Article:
Earlier this month Microsoft took the wraps off its new operating system, Windows 10 S, which many saw as a striped-back version of the main Windows 10 Pro.
With many questions about what it is exactly, how it works and who it’s aimed at, we spoke to Windows Product Marketing Director Robert Epstein to explain some more.
How is Windows 10 S different from Windows RT?
“Completely different,” Robert made clear. “Windows 10 S is fully Windows 10. It can do everything that Windows 10 can in terms of support for pen and touch and Windows Hello, and even mixed reality on the right hardware. You get the full user experience of Windows.”
Outlining what Windows 10 S can’t do, Robert said: “The only thing that it doesn’t do is it doesn’t allow you to install software outside of the Store. And that’s done for a very specific reason, which is to ensure both the security and the streamlined performance, so that we can ensure that the user experience for a customer on day one thousand is as it was on day one.”
Windows RT was first released in October 2012 as a stripped-back version of Windows 8 but it was a commercial flop and was soon discontinued. Windows 10 S’s restrictions on software installations have drawn parallels to Windows RT, but Robert says there are very distinct differences.
“If you think back to Windows RT there were things you couldn’t install because functionally they just wouldn’t work on an ARM processor,” he explained.
“Here [with Windows 10 S] we’ll have the full Office desktop applications in the Store, so you’ll be able to run the full Office suite. Spotify is coming to the Store, Apple iTunes is coming to the Store, so all the apps are you’re used to are there and we expect to see many more in the Store.”
What makes downloading apps from the Windows Store so secure?
One of Microsoft’s biggest arguments for downloading apps from its Store is that it’s more secure. But how exactly is it more secure?
“Apps are submitted by developers, then they go through some automated testing, and there are teams that will also check and analyse apps in the background so we can ensure that we don’t get malware in the Store,” Robert told us.
“It’s also the technology around how apps are then deployed into the system – it’s not necessarily saying that Store apps themselves are better than desktop apps. People are writing great software, some historically haven’t been made available in the Store but more and more is.”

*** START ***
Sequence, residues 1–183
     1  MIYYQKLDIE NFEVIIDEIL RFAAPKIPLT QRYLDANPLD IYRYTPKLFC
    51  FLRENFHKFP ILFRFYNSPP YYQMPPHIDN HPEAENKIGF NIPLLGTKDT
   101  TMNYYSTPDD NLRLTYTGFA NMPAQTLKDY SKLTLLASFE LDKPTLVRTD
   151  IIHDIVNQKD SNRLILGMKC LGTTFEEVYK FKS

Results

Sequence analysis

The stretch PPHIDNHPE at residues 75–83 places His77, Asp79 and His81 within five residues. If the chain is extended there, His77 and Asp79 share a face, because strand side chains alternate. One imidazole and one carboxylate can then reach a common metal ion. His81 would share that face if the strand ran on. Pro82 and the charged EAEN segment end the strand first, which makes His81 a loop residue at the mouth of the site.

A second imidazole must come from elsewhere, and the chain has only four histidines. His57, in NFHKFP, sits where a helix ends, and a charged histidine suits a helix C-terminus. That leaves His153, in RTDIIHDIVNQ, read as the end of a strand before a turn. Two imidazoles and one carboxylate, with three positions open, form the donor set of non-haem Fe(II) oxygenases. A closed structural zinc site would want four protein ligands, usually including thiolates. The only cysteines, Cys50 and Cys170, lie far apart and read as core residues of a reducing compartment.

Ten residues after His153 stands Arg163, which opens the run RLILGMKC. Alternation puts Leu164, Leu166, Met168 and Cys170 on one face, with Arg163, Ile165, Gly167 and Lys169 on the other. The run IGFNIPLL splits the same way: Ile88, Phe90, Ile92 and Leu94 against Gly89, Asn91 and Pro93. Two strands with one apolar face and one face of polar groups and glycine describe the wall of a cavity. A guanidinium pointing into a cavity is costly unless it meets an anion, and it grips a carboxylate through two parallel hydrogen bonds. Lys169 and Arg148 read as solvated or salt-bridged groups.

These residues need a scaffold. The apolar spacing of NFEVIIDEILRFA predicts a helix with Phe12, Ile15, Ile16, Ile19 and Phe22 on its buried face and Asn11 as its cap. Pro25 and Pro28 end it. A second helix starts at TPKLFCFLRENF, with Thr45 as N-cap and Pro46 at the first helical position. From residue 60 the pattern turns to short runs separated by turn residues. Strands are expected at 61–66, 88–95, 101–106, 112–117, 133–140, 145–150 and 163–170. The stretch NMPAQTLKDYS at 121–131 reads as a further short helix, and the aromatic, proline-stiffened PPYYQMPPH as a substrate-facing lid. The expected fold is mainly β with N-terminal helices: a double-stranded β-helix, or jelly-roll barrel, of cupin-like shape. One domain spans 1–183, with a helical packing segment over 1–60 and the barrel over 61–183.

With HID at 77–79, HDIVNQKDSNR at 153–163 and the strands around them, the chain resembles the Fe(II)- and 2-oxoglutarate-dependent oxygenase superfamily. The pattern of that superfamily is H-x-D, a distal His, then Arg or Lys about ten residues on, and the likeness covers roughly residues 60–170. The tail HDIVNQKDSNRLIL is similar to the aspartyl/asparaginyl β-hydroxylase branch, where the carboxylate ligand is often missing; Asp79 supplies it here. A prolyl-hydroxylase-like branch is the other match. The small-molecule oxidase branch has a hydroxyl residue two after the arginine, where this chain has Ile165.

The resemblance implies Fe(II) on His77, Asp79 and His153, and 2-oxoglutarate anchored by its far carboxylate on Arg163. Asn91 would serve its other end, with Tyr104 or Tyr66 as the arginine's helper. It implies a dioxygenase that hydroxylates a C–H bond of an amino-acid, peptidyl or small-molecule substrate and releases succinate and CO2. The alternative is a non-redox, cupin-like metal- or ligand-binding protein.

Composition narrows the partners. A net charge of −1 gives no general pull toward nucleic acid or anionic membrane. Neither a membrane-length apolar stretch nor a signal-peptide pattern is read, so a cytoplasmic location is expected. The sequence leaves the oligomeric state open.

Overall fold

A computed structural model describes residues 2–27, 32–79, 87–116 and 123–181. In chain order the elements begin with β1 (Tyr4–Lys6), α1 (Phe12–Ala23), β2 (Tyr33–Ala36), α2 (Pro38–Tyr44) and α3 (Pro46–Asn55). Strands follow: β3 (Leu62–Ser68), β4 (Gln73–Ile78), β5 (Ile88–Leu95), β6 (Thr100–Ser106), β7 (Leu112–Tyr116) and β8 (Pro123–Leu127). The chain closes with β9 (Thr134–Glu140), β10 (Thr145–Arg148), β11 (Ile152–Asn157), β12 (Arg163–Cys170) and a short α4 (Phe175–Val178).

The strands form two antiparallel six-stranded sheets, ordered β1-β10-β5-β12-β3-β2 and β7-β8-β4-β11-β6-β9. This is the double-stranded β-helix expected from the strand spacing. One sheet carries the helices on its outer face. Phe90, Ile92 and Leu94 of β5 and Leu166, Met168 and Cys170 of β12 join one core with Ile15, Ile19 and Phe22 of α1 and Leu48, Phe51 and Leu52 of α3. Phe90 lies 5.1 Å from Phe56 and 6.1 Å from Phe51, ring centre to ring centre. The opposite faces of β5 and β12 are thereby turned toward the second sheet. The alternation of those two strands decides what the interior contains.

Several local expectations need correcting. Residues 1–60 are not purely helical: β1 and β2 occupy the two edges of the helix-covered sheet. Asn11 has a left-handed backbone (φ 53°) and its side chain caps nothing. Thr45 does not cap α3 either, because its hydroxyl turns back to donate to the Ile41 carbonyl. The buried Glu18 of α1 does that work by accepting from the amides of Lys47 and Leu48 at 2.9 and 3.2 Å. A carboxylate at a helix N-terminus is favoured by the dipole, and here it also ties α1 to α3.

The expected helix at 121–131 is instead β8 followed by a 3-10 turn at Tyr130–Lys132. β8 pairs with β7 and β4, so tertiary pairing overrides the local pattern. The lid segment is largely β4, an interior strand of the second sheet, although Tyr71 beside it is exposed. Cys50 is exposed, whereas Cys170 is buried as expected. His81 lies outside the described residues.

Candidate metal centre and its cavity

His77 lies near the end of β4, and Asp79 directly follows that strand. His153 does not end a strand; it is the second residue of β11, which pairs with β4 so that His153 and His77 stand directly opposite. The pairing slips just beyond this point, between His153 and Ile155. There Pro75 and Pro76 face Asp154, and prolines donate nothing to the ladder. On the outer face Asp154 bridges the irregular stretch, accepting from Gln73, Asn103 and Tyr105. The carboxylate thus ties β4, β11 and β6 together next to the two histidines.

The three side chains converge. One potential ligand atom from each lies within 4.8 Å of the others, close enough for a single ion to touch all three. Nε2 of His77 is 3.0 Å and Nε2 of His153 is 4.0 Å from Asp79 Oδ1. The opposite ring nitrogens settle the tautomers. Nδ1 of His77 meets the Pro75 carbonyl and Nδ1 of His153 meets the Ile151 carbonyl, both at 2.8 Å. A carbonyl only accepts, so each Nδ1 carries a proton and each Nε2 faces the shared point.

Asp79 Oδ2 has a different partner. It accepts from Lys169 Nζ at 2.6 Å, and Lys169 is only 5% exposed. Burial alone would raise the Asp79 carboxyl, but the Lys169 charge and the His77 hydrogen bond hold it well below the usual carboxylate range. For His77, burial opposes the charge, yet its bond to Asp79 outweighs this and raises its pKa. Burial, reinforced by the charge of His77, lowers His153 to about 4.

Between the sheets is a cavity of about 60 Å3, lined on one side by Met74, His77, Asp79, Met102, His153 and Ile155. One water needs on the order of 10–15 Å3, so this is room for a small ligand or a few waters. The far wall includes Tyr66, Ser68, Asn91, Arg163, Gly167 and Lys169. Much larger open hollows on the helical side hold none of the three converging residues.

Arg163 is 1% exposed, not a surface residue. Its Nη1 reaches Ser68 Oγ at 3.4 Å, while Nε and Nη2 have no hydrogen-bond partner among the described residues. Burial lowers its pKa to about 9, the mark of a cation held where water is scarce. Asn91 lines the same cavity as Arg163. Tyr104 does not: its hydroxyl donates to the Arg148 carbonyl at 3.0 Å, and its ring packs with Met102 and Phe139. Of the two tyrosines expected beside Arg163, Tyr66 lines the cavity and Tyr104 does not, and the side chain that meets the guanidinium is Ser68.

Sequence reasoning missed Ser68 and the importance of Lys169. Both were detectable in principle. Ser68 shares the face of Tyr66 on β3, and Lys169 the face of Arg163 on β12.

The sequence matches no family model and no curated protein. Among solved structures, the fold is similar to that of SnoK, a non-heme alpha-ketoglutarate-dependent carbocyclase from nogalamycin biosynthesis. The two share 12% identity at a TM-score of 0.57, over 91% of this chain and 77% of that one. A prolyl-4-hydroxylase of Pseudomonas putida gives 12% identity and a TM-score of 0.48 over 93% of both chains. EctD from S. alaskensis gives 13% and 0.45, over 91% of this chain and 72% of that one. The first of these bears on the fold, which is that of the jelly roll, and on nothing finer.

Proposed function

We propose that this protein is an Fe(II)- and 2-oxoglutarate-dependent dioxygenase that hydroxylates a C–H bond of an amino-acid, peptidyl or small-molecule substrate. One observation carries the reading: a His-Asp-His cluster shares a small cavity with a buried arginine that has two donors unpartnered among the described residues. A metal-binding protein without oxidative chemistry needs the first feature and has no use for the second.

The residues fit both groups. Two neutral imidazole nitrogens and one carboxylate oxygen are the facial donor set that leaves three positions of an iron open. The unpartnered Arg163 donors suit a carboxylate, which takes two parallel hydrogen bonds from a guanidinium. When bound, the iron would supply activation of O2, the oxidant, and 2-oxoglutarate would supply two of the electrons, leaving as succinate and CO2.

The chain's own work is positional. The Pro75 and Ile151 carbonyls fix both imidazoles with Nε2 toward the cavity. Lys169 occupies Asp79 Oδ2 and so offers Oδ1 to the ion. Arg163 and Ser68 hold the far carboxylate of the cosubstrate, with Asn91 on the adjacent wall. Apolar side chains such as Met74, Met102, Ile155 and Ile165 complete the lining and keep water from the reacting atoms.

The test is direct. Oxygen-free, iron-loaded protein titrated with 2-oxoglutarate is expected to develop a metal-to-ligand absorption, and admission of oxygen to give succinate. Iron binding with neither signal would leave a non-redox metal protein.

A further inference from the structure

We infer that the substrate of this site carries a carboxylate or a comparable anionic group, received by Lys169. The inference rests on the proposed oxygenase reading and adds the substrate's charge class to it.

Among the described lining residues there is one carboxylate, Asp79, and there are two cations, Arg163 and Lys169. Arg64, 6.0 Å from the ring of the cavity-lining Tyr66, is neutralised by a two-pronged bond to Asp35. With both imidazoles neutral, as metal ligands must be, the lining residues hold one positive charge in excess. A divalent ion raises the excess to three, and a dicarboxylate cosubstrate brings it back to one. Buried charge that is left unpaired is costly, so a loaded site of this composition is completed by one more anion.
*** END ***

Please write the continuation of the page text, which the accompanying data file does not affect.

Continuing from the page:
Is Microsoft Edge the default web browser for Windows 10 S?
Microsoft Edge will be the default web browser on Windows 10 S.
With software and apps only available through the Windows Store, many were quick to notice that it essentially meant that you won’t be able to use Google Chrome because it’s not in the Store.
“Microsoft Edge will be the default browser, that’s not to say that the browser manufacturers can’t submit versions of their own applications to the Store,” Robert said.
“That’s not a Microsoft decision that’s keeping them out, that’s the developers having not yet put them in.”
How does moving from Windows 10 S to Windows 10 Pro work?
Windows 10 S will be available on the Surface Laptop first.
Although you can’t download software outside of the Windows Store, Microsoft said users could switch to the main Windows 10 Pro – albeit at a price.
The cost of switching is yet to be confirmed in pounds, but in dollars it’ll set you back $49.
“Windows 10 S is a configuration of Windows rather than a different edition of Windows,” Robert clarified.
“So basically Windows 10 Pro is configured specifically to give you this streamlined performance, security and apps from the Store only. So it is possible to switch that configuration back to Windows 10 Pro.
“It’s done via the Windows Store – there is a fee involved. So when you switch configuration, it’s then just Windows 10 Pro forever more. You can install apps in a normal way, it is Windows 10 Pro.
“Having said that, we don’t really want people to buy a 10 S machine and then for whatever reason convert, it’s really important that we get the message out there that says that these different configurations of Windows will always exist and the right people need to buy the right product.”
Is Windows 10 S for me?
Windows 10 S interface.
Microsoft largely aimed Windows 10 S at the education sector, but Robert says it’s not limited to schools and students.
“There are users who may be less technical and not quite as confident in what they are doing and definitely want to ensure that they get that guaranteed security and performance ongoing, then a 10 S machine may well be right for them,” he explained.
Will Windows 10 S be available to buy as an operating system itself?
No. Robert says Windows 10 S is more a “configuration” and not a separate operating system – therefore Windows 10 S will only be available pre-installed on machines.